Laura Dean Keeps Breaking Up With Me by Mariko Tamaki follows Frederica Riley as she dates, then breaks up with, then dates again her high school dream girl Laura Dean. Except Laura might not be the best influence on Frederica. Kiss Number 8 by Colleen Venable is about Mads, who is so caught up in her personal discovery that she is less interested in Adam than she is in Cat, that she fails to notice that her dad is hiding something big--so big it could tear her family apart.  Finally, On a Sunbeam by Tillie Walden takes place in two different time periods. In one, a ragtag crew travels to the deepest reaches of space, rebuilding beautiful, broken structures to discover the past. In the other, two girls meet in boarding school and fall deeply in love, only to learn the pain of loss.

 

In Children's, we start with It Feels Good To Be Yourself, a picture book by One Bad Mother podcast co-host Theresa Thorn. Inspired by her own young child's transition, this book simply helps young kids understand that some people are boys. Some people are girls. Some people are both, neither, or somewhere in between. In any case, they are people who are being themselves, and everyone is happiest when they are who they really are, and not who others say they have to be.

 

Michael Joosten has a pair of board books out, My Two Moms and Me and My Two Dads and Me, which follow happy, diverse LGBTQ+ families as they go about their daily - sometimes busy - routines.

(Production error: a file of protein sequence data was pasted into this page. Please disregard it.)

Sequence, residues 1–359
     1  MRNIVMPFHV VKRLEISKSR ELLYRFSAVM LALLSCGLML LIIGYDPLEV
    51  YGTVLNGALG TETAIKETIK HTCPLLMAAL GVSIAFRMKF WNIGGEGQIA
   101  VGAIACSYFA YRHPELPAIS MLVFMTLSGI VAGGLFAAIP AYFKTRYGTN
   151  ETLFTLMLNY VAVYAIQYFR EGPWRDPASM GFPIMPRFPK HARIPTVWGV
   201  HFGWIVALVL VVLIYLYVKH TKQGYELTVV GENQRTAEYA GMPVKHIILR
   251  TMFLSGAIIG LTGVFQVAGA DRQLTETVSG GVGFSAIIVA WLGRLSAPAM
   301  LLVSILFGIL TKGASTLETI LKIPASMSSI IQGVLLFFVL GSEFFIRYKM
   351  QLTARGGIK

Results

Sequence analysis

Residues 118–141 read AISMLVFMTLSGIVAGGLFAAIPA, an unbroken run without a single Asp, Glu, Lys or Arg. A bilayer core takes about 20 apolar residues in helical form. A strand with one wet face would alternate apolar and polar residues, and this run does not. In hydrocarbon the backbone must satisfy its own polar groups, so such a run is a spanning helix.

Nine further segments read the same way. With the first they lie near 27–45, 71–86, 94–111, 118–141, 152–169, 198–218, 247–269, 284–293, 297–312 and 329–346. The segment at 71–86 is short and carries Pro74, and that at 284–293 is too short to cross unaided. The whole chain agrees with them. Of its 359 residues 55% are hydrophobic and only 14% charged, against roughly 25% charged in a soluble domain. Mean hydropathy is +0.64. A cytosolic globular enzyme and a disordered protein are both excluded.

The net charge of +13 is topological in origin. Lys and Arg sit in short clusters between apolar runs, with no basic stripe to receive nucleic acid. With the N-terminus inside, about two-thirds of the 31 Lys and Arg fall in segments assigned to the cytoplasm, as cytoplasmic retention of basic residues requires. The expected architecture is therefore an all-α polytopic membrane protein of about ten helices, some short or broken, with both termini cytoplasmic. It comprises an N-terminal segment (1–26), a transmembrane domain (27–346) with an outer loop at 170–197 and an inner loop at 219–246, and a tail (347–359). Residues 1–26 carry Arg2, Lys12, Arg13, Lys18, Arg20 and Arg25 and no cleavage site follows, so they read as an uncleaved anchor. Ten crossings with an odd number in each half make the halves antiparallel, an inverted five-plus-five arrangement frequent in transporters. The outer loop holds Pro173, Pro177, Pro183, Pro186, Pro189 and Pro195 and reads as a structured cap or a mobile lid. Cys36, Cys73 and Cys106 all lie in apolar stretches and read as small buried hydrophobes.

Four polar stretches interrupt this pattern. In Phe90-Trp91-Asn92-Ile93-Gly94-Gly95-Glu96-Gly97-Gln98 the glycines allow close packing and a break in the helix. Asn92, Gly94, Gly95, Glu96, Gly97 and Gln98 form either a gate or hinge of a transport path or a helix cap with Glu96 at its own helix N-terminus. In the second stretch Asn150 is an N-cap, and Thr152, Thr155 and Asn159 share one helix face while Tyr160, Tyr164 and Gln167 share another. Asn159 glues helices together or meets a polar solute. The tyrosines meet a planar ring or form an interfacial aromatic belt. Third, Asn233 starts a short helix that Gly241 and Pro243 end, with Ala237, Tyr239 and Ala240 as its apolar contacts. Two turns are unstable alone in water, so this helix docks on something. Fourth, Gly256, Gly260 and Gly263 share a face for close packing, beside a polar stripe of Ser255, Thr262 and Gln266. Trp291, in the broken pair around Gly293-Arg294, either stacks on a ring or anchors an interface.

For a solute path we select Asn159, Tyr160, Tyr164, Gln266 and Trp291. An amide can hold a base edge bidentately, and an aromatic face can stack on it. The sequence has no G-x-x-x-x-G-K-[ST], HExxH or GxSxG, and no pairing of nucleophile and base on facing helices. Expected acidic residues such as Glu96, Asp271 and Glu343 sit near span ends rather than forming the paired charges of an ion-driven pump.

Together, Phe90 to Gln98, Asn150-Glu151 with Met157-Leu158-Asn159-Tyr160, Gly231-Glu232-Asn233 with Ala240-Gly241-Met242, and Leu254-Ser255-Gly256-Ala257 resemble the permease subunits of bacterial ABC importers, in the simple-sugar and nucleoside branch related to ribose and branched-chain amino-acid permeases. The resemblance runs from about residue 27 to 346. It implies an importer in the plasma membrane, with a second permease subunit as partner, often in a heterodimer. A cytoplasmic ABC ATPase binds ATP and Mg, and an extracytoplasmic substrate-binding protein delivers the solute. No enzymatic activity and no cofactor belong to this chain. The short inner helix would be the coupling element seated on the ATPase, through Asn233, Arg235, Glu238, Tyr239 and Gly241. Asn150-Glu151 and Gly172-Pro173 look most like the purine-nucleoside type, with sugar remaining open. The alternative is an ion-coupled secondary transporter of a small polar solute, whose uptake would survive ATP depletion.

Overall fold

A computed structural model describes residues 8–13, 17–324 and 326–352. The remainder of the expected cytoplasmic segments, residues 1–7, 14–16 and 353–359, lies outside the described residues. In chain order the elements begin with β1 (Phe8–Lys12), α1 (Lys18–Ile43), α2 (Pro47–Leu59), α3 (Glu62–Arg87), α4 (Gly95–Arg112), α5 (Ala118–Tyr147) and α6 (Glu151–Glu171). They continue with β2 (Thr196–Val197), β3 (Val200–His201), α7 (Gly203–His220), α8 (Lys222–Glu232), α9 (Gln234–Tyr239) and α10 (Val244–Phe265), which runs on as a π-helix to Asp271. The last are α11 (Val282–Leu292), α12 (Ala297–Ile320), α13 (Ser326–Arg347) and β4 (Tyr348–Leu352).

Jacob's Room to Choose by Sarah Hoffman is the sequel to Jacob's New Dress. In this encouraging story about gender expression, Jacob and his classmate Sarah both get chased out of the bathrooms they try to use because they don't dress the "usual" way. This starts a conversation at the school the many forms of gender expression and how to treat each other with respect.

 

For Young Adults, Technically, You Started It by Lana Wood Johnson is about technology, mental health, identity, and expression. Haley and Martin feel like they are the only ones who really get each other. Martin is willing to listen to her weird facts and unusual obsessions, and Martin feels like Haley is the first person to really see who he is. The problem is, they don't really know each other, only speaking over text, and its possible they are becoming addicted to each other.